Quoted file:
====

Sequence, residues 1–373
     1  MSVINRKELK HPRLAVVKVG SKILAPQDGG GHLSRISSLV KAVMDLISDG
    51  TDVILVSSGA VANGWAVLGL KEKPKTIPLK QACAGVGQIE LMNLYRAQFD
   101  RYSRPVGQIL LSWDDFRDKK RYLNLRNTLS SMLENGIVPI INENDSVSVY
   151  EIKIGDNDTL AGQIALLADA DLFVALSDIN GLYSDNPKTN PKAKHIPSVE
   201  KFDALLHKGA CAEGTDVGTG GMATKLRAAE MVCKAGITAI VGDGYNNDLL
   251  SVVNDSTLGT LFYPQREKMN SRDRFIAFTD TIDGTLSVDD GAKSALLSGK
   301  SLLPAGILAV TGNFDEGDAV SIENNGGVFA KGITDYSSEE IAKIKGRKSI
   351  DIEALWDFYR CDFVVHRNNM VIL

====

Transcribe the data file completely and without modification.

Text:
Sequence, residues 1–373
     1  MSVINRKELK HPRLAVVKVG SKILAPQDGG GHLSRISSLV KAVMDLISDG
    51  TDVILVSSGA VANGWAVLGL KEKPKTIPLK QACAGVGQIE LMNLYRAQFD
   101  RYSRPVGQIL LSWDDFRDKK RYLNLRNTLS SMLENGIVPI INENDSVSVY
   151  EIKIGDNDTL AGQIALLADA DLFVALSDIN GLYSDNPKTN PKAKHIPSVE
   201  KFDALLHKGA CAEGTDVGTG GMATKLRAAE MVCKAGITAI VGDGYNNDLL
   251  SVVNDSTLGT LFYPQREKMN SRDRFIAFTD TIDGTLSVDD GAKSALLSGK
   301  SLLPAGILAV TGNFDEGDAV SIENNGGVFA KGITDYSSEE IAKIKGRKSI
   351  DIEALWDFYR CDFVVHRNNM VIL